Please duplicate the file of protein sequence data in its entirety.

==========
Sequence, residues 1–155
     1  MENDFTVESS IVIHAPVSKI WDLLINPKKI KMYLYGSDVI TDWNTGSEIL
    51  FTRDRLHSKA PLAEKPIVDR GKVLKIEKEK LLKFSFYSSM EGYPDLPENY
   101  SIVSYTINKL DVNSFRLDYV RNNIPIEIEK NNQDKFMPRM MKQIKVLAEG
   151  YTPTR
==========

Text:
Sequence, residues 1–155
     1  MENDFTVESS IVIHAPVSKI WDLLINPKKI KMYLYGSDVI TDWNTGSEIL
    51  FTRDRLHSKA PLAEKPIVDR GKVLKIEKEK LLKFSFYSSM EGYPDLPENY
   101  SIVSYTINKL DVNSFRLDYV RNNIPIEIEK NNQDKFMPRM MKQIKVLAEG
   151  YTPTR